Non-isocyanate routes to urethane-polymers

Van Clack, Ralph Vincent (2007) Non-isocyanate routes to urethane-polymers. Doctoral thesis, University of Central Lancashire.

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The conventional synthetic route to urethane polymers involves the use of hazardous dflsocyanates which are synthesised using phosgene, the use of which produces a significant chlorine-waste stream. The processing of high molecular mass specialty polyurethanes regularly requires the use of organic solvents. This research aims to address these issues by separately employing enzyme-catalysis in order to synthesise high molecular mass polyurethanes and by investigating the use of high pressure CO2 as an alternative to the use of organic solvents in the synthesis of urethane polymers.
The main building blocks in the enzyme-catalysed synthesis of urethane polymers are based on di-functional carbamate-blocks, synthesised by reaction of diamines with ethylenecarbonate or dimethylcarbonate. In addition to the more conventional di-functional carbamate-blocks, the synthesis of a novel mono-carbamate based on an amino acid has been investigated.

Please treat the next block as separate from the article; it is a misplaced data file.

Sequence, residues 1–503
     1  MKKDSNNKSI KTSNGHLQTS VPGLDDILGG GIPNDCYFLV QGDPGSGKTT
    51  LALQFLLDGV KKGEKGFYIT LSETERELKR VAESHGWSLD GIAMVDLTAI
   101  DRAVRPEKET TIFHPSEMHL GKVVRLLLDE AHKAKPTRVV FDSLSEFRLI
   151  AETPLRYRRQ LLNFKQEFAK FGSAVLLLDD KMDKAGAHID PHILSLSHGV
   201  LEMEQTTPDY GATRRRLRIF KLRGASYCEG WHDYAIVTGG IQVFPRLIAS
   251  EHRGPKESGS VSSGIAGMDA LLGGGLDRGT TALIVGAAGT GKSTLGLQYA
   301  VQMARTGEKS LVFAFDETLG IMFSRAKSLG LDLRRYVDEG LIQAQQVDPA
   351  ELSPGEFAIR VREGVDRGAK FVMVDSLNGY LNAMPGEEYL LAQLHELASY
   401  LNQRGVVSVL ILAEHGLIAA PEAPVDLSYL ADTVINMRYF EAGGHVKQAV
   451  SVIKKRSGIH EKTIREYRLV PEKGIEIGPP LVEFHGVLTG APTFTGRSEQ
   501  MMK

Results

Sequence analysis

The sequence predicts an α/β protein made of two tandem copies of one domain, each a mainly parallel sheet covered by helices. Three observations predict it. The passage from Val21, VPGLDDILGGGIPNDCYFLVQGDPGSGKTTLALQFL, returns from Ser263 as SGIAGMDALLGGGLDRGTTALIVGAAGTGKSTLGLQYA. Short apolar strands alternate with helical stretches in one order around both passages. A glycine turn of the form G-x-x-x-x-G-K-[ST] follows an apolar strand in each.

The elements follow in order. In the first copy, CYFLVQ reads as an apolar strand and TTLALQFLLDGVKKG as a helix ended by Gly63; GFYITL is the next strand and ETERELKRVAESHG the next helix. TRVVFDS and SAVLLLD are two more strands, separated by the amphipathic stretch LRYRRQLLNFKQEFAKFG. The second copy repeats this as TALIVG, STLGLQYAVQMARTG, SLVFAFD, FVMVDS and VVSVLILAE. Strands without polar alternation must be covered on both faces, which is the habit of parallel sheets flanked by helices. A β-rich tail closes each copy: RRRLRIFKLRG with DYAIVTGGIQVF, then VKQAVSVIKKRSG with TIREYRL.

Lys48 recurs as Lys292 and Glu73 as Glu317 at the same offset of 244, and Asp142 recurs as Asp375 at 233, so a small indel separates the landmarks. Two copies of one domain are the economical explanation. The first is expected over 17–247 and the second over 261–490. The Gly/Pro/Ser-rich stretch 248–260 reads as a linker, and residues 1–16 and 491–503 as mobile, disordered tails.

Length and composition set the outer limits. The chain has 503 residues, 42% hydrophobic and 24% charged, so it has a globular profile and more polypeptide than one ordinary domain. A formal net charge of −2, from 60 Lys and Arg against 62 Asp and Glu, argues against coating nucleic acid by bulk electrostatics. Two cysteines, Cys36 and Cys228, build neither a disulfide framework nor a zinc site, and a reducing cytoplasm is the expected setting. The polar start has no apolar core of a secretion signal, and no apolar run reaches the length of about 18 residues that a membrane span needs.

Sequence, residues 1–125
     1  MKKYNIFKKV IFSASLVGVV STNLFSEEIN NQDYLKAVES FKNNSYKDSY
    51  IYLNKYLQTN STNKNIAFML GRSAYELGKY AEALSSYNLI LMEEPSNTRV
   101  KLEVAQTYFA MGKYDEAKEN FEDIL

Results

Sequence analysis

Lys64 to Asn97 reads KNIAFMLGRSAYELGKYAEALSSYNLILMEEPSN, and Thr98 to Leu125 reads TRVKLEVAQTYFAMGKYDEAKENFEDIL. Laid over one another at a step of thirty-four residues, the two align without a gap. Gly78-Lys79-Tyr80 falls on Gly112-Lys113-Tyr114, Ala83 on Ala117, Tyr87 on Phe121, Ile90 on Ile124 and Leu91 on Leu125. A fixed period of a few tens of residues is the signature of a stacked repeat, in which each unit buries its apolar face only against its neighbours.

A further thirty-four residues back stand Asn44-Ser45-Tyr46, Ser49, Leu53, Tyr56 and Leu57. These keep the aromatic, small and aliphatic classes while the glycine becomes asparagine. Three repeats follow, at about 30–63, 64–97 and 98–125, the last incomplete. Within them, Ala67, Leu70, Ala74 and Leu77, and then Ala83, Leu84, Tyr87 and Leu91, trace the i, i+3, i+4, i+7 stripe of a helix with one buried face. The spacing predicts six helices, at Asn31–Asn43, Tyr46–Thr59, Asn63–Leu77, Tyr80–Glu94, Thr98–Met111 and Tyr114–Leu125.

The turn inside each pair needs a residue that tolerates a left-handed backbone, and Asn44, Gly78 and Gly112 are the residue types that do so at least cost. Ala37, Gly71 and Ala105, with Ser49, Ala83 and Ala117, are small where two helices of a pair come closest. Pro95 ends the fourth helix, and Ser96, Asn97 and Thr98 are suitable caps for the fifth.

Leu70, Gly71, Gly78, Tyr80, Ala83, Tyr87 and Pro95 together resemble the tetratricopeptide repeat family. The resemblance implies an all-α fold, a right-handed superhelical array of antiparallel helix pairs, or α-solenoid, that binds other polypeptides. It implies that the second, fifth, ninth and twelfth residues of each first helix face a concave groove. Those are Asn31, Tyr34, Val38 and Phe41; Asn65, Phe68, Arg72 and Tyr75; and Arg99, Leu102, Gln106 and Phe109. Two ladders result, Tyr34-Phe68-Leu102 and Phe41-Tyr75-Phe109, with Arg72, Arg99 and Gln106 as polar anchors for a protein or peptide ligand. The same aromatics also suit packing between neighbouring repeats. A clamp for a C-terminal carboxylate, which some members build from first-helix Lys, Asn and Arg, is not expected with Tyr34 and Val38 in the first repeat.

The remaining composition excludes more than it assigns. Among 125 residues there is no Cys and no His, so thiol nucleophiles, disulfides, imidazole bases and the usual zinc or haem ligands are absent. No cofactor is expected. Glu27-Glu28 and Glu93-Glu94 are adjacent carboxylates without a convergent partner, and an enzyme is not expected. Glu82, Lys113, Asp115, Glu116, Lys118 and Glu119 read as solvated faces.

The mechanism of the polymerization of adipic acid and hexane diol was investigated. The reaction was optimised for the high vacuum reaction in bulk and solution, as well as for the polymerisation under Dean-Stark distillation conditions. Although the dimethylcarbonate-based carbamate-compounds proved to be too resistant against enzymatic cleavage, the enzyme-catalysed co-polymerisation of ethylene-based carbamate-blocks with adipic acid and hexane diol eventually led to the synthesis of high molecular mass segmented urethane polymers in excess of 30000 g moi1.
The crystallisation behaviour of both enzyme-catalysed polyesters and polyurethanes has been investigated and the differences in crystallisation for the polyesters have been shown to be caused by the presence of small quantities of residual enzyme. The enzyme appears to act as a nucleating agent for the crystallisation and increases the uniformity of crystallisation and the rate at which a crystalline structure was obtained upon cooling. The thermal properties of the enzyme-catalysed polyurethanes have been determined and compared to conventional polymers. Although the molecular mass of the enzyme-catalysed urethane polymers are comparable to those obtained via the conventional route, it has not been possible to reproduce their physical p rope rties.
The use of high pressure CO2 to eliminate the need of a solvent in the synthesis of a urethane polymer was studied. The use of a pressure of 4.5 bar 002 has been shown to enhance the reaction rate for this reaction procedure. GPC analysis confirmed that polyurethanes with a molecular mass of approximately 53000 g moi1 were synthesised in 200 minutes, whereas the same reaction under atmospheric conditions required a longer reaction time (260 minutes) before the same molecular mass polyurethane was obtained.

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